EDMONTON -- COVID-19 will cost hundreds more Edmonton school employees their jobs temporarily.

Edmonton Public Schools said it issued temporary layoff notices to 1,868 employees this week "as a result of reductions to education funding by the provincial government."

CUPE Alberta previously told CTV News Edmonton it received word up to 2,100 support staff could lose their jobs.

While EPSB couldn't comment on the CUPE number, Superintendent Darrel Roertson said the confirmed 1,868 consists of temporary and permanent staff who work as educational and administrative assistance, food preparers, library technicians, and more.

Their last day of work will be May 15, and EPSB has provided information about federal and provincial financial supports, the board said.

Permanent staff will retain health benefits.

“These decisions were difficult. Every single one of our team members are valued,” Robertson said. “Together, our team has an unrelenting focus on ensuring students are successful. That focus has never wavered.”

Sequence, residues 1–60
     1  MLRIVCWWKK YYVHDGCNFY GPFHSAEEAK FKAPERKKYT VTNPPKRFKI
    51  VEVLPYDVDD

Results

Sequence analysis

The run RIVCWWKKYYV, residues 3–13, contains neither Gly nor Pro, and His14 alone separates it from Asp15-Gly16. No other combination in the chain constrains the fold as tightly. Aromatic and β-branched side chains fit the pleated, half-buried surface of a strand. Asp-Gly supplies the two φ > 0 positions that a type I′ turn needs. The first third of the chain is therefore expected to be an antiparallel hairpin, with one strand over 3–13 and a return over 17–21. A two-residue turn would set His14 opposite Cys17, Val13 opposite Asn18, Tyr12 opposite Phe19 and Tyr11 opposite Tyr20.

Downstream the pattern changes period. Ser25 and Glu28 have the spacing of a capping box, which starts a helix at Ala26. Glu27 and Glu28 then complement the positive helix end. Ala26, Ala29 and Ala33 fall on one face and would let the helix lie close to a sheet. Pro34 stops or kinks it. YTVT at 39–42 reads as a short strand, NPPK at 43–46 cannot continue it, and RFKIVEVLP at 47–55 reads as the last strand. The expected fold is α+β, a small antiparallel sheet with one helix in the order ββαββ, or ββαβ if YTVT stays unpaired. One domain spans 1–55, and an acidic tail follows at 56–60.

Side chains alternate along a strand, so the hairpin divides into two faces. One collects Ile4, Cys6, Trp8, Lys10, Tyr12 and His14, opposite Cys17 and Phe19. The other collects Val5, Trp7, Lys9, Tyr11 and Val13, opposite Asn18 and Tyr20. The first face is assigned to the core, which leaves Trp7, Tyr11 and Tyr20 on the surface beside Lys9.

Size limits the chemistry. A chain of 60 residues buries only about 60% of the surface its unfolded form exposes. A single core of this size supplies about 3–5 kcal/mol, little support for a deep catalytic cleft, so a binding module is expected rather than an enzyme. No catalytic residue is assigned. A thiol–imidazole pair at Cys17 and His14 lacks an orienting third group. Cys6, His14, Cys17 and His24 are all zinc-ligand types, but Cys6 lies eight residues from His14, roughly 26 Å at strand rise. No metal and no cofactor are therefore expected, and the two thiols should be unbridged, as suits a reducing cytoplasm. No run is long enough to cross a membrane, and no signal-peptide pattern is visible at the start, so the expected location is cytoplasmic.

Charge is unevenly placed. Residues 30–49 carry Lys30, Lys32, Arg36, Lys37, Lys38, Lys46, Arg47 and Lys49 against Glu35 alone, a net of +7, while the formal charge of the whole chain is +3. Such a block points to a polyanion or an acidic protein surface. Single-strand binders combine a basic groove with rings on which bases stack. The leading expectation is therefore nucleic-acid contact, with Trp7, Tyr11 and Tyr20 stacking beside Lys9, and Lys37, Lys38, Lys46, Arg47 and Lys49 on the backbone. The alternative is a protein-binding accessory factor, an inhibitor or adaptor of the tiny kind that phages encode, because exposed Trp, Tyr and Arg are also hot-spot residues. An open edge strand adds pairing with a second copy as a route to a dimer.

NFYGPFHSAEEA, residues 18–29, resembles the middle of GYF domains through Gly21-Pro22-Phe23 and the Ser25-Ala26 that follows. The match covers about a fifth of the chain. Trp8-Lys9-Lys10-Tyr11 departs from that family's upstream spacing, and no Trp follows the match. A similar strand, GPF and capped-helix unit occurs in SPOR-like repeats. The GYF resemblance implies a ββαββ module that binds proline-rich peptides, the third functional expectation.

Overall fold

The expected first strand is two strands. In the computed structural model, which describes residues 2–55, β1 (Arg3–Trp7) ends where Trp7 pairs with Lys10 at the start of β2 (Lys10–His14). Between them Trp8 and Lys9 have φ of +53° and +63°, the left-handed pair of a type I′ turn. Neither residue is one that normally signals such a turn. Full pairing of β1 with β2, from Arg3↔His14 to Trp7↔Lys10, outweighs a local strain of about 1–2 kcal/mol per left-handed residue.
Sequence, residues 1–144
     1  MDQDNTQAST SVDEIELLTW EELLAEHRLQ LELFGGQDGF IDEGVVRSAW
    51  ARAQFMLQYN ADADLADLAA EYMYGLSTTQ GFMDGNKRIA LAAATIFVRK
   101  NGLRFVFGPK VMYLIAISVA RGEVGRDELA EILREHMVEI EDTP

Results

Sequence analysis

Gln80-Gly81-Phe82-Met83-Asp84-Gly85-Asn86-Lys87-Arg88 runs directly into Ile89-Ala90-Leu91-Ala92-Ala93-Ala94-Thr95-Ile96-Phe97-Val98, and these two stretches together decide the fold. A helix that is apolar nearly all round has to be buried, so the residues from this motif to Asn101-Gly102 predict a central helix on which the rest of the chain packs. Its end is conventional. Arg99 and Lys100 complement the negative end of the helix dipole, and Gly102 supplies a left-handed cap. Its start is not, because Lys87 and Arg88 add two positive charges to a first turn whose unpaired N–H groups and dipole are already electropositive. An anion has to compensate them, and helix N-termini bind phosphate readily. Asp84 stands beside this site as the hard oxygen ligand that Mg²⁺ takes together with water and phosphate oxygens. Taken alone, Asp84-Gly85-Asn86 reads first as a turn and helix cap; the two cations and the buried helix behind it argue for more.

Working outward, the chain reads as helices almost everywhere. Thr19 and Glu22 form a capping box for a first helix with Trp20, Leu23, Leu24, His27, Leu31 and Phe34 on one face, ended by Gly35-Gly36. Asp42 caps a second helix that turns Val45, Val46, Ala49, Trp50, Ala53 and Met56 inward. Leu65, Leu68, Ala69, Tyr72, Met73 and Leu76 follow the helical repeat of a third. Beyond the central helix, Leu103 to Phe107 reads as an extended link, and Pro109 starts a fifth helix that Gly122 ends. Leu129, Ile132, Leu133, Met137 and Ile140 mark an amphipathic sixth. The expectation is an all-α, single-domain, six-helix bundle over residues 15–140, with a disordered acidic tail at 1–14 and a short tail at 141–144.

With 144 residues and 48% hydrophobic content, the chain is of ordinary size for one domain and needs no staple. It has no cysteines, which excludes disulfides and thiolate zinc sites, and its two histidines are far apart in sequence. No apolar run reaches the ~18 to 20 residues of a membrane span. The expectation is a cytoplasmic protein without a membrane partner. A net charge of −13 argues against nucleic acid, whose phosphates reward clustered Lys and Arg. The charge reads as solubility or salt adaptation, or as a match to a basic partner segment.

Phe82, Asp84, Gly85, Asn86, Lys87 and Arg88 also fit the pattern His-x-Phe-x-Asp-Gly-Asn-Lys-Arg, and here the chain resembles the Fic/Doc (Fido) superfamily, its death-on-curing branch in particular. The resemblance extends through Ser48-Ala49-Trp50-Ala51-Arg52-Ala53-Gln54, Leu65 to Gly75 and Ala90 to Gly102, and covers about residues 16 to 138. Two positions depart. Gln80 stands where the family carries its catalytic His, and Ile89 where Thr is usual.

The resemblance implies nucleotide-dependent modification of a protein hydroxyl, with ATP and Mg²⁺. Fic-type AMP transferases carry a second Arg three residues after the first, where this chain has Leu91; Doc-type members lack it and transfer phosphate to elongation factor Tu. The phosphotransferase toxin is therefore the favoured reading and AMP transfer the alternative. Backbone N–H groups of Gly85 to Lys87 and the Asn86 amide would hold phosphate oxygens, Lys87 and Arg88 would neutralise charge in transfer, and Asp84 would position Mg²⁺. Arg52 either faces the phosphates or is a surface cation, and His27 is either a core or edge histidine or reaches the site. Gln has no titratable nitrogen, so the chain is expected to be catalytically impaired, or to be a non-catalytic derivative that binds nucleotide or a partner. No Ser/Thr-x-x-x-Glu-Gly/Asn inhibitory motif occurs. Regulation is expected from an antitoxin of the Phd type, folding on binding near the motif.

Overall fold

On March 28, the provincial government said it would redirect about $128 million in education funding to Alberta's pandemic response.

EPSB said its budget has been reduced by roughly $17.5 million, with $13.78 million coming out of the Base Instruction Grant and $3.7 million coming from the transportation budget.

According to Robertson, the cuts are significant and impact on staff was unavoidable.

"Our principals were given the task to say, 'OK, we’ve made the transition [to online learning], what do we need now going forward until the end of June to ensure we’re delivering quality online and remote learning?" he said.

"These are the numbers that are the result of that careful decision making.”

The government's education press secretary said the decision to make cuts was not made easily, but one necessitated by the pandemic in multiple sectors. 

"The unfortunate reality is that classes are not in session as a result of the COVID-19 pandemic. While distance learning options are being utilized to varying degrees, these do not employ the same number of workers as when schools are physically in class," Colin Aitchison told CTV News Edmonton in a statement. 

"Funding will be restored to regular levels when physical classes resume."

However, Robertson said he expects some job loss will be permanent come the next school year – though by how much he couldn't estimate.

On Thursday, Edmonton's Catholic school division announced 700 employees of its would be laid off, and cited education funding cuts as the cause.

Edmonton Catholic Schools said the cuts translated to a $5.7-million loss for the division.

The Greater St. Albert Catholic Schools district also has reduced staff numbers by 116 in response to the government needing to redirect dollars to COVID-19.